option for both the tenant and the landlord in the third and
the sixth year. If the lease has a fixed term, it will
automatically terminate when the term lapses. Commercial
tenants, though, may under certain conditions be entitled to a
preferential renewal of their lease over a period up to 15
years (Article 1762-4 Civil Code).
At the end of the lease a commercial tenant may further be
allowed to remain in the leased premises for two consecutive
periods of 6 months each (sursis commercial). These
extensions may only be granted by court order.
4. What is the effect of conditions restricting
tenants wishing to divest themselves of surplus properties
(alienation), and how can those restrictions be satisfied or
Under the general lease provisions of the Civil Code,
unless otherwise provided for in the lease agreement, a tenant
may sub-lease or (partially) transfer the lease. Most leases
restrict this by requiring the prior approval of the landlord.
A regulation-law of October 31 1936, does however offer
protection under certain circumstances, where a going concern
(fonds de commerce) is transferred in order to allow
the continuity of the business operation as a whole (Article
1762-3 of the Civil Code) .
In case of either sub-leases or transfers, the initial
tenant remains liable to the landlord for the performance of
the contractual obligations under the lease agreement.
Securitization of real estate assets
1. How significant is the real estate securitization
A technique of securitization has first been
established in a circular letter of the Luxembourg Revenue in
1997 with the recognition and regulation of the issuance of
real estate certificates based on the Belgian model, that is,
typically securities issued by the owner of the real estate
whereby the certificate holders are entitled to a portion of
the rental income and of the proceeds of the sale of the
property. This rental income is treated as interest at the
level of the certificate holder. Under current Luxembourg tax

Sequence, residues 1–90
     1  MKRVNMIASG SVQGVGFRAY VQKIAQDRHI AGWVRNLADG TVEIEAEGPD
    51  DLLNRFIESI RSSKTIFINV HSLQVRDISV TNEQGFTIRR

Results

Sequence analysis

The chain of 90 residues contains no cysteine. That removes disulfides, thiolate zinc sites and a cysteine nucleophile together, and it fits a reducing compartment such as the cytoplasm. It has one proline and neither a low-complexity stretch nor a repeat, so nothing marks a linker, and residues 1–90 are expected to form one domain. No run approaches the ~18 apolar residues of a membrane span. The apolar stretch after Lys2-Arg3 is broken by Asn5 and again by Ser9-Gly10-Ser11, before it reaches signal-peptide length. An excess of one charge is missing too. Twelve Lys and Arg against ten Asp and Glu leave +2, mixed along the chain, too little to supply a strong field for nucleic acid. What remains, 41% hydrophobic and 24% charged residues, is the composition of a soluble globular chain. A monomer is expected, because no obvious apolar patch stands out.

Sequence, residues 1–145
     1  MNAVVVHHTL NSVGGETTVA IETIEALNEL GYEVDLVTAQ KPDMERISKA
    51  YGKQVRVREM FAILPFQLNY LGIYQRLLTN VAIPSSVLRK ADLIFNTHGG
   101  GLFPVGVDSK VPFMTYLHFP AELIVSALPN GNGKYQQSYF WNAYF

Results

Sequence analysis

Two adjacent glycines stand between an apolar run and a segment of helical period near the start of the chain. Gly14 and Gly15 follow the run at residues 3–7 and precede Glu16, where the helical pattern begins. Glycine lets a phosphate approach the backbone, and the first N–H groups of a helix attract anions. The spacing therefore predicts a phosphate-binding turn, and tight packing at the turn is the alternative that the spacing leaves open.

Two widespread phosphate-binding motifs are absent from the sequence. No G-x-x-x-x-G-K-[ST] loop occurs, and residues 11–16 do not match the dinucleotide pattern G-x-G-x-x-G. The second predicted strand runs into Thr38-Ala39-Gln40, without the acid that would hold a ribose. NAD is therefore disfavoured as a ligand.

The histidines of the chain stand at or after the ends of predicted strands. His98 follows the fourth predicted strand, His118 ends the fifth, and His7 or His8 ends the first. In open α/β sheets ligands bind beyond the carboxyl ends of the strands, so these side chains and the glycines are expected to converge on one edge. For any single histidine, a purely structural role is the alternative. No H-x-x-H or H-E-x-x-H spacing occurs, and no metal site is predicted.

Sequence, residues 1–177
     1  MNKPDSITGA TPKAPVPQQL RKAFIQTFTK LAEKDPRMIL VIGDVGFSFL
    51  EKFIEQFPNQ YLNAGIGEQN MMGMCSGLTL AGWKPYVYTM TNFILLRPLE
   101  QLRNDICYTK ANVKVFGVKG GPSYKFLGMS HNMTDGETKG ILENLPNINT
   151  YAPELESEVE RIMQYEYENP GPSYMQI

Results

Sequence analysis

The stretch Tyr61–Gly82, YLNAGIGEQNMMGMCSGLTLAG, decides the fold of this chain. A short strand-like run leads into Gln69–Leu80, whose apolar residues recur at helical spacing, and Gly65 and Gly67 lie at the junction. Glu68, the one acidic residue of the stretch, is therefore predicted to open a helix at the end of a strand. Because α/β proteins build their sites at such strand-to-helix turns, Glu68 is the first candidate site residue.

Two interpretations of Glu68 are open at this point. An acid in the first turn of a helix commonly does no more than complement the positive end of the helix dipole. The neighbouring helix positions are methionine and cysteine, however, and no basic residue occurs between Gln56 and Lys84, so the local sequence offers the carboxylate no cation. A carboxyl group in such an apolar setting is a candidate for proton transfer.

law, interest payments are not subject to tax at source. The
repayment of the principal will moreover be tax neutral. From a
tax point of view, a real estate certificate constitutes
therefore an effective hybrid.
The authors are also aware of a limited number of private
deals for the securitization of lease receivables. Limited
information has been available as regards mortgage-backed
securitizations (RMBS) by domestic banking institutions.
Securitization activities are not yet regulated by law, though
a securitization bill is currently awaiting parliamentary
Several mortgage bond banks (banques d'émission
de lettres de gage) operate in Luxembourg since their
inception by a law of November 21 1997, as amended. Mortgage
bond banks must confine their principal activities to the
granting of loans specifically secured and refinanced via the
issuance of mortgage bonds. These bonds are secured by
specifically determined coverage assets (valeurs de
couverture). Coverage assets (for example in rem property
rights or property collateral) will vary depending on whether
the mortgage bank has entered into mortgage or public sector
lending. Each coverage asset is recorded in a special
collateral register (registre de gages) maintained by
the mortgage bank and supervised by an independent auditor.
Mortgage bondholders benefit from a high level of protection
since every issuance must at all times be fully secured.
Mortgage bond holders further rank first in respect of the
relevant coverage assets in case insolvency proceedings are
opened against a mortgage bank.
2. To what degree of detail (if at all) are the
parties obliged to disclose the lease terms on a formal
registry (for example, the land registry)?
The original lease agreement is subject to mandatory
registration with the Administration de l'Enregistrement et
des Domaines within three months of signing. If this
registration formality is frequently omitted in practice and
not effectively sanctioned, the lease agreement will still be
valid and enforceable. However, in the context of commercial
lease agreements, absent this registration formality, the
tenant may not apply, for example, for the above sursis
commercial. Even though lease agreements are subject to
registration, the lease terms will nevertheless not be on
public display. The registration formality confers a binding
date (date certaine) to the lease agreement and is
intended thus to protect the tenant.
Unless the lease agreement is subject to VAT (in which case
a fixed registration duty of €12 applies), a 0.6%
registration duty is assessed on the sum of all lease payments